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Physicians Committee for Respons
As Congress prepares to take up the Child Nutrition Act, an 8-year-old girl points out that the president's daughters get healthy school lunch options but she doesn't.
An ad campaign using the first daughters' private school lunches to make a point about children's nutrition has upset the White House.
The Physicians Committee for Responsible Medicine is pushing Congress to give public school students healthier food options like the a vegetarian option offered at Sasha and Malia's Sidwell Friends School. The posters at D.C.'s Union Station show a young girl with the text, "President Obama's daughters get healthy school lunches. Why don't I?"
The Obama girls' names and faces don't appear on the poster, but White House officials want them out of the debate altogether, and they want the posters pulled down, saying they violate the privacy rights of the first daughters.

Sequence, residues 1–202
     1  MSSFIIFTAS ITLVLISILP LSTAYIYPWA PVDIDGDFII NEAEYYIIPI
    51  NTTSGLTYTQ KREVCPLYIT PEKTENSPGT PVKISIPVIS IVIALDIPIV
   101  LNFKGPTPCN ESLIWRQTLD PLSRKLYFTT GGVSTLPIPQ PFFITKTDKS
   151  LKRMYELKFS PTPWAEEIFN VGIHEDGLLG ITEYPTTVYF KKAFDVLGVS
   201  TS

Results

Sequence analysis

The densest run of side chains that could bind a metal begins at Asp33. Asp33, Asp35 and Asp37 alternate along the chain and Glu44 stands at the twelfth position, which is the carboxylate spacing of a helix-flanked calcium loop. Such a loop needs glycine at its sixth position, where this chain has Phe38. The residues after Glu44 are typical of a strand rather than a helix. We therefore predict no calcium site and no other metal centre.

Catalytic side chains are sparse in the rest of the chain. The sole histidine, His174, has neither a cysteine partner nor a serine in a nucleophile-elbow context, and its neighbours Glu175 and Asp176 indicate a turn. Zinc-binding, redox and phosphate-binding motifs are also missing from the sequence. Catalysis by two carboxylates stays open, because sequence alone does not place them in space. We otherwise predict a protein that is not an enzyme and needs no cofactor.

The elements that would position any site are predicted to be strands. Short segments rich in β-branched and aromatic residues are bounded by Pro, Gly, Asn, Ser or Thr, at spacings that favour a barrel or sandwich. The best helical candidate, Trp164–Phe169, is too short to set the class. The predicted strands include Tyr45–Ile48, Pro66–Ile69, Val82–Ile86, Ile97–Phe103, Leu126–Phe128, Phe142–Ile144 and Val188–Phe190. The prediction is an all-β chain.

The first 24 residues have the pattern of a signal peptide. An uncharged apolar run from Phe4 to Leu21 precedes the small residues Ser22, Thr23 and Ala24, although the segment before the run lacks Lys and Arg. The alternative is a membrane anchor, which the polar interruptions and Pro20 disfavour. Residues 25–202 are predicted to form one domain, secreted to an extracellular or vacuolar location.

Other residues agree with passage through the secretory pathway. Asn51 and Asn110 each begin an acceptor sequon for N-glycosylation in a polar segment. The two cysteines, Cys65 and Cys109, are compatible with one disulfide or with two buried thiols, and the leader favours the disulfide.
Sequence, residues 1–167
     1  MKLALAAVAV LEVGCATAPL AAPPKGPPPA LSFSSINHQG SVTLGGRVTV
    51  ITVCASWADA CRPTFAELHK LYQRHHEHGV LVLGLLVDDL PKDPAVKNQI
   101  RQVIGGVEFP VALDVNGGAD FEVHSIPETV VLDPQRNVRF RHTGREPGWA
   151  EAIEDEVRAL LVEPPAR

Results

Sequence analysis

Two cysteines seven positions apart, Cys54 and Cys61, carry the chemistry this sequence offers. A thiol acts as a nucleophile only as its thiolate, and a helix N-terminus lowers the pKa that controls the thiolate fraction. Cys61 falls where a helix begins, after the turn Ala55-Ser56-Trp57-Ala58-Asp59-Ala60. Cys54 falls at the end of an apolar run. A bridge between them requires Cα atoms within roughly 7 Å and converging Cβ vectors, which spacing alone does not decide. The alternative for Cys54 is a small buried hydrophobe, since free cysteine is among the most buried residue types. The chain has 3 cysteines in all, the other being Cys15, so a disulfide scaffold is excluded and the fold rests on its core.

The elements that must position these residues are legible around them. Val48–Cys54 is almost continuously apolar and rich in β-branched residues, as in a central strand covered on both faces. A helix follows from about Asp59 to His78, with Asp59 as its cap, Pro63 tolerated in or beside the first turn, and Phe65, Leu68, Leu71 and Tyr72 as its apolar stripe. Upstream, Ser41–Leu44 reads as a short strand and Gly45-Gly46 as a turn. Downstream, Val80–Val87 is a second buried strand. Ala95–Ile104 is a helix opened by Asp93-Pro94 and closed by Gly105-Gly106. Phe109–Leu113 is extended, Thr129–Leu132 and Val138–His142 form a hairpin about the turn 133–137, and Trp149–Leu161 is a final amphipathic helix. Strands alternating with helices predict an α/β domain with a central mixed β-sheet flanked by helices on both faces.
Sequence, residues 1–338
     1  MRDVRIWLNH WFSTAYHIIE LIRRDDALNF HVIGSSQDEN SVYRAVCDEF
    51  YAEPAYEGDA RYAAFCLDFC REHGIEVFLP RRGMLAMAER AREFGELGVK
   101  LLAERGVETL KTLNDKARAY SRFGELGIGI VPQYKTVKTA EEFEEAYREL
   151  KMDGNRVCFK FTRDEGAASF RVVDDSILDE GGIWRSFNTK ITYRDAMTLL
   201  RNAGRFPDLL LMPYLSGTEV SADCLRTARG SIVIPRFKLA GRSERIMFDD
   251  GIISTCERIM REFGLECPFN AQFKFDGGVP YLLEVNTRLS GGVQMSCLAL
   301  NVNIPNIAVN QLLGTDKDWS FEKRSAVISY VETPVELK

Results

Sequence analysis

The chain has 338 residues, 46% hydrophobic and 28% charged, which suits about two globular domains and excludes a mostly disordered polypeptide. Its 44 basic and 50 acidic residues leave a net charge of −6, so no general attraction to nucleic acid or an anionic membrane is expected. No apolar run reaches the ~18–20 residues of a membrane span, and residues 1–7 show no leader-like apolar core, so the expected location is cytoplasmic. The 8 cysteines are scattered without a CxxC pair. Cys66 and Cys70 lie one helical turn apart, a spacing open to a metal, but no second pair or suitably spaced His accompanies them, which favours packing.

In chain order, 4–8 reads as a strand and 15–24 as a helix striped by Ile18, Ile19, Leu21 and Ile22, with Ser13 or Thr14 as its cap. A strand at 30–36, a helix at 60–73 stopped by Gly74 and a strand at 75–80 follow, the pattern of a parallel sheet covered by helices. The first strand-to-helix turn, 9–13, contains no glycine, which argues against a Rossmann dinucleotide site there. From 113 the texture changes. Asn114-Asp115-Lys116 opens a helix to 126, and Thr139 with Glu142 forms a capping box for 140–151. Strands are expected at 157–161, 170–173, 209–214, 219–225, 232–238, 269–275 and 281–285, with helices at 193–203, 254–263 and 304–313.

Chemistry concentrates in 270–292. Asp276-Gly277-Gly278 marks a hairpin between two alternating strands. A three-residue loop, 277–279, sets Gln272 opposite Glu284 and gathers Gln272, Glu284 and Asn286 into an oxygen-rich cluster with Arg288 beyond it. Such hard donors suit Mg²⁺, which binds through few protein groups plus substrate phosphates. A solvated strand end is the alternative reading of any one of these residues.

"I think the president absolutely has to protect his children and that's why you don't see the children's names or pictures at all on here," said Dr. Neal Barnard. "What we're comparing are the schools. The school that the first family has chosen provides healthful meals. The public schools aren't in the position to do that."
Congress is on the verge of reauthorizing the Child Nutrition Act.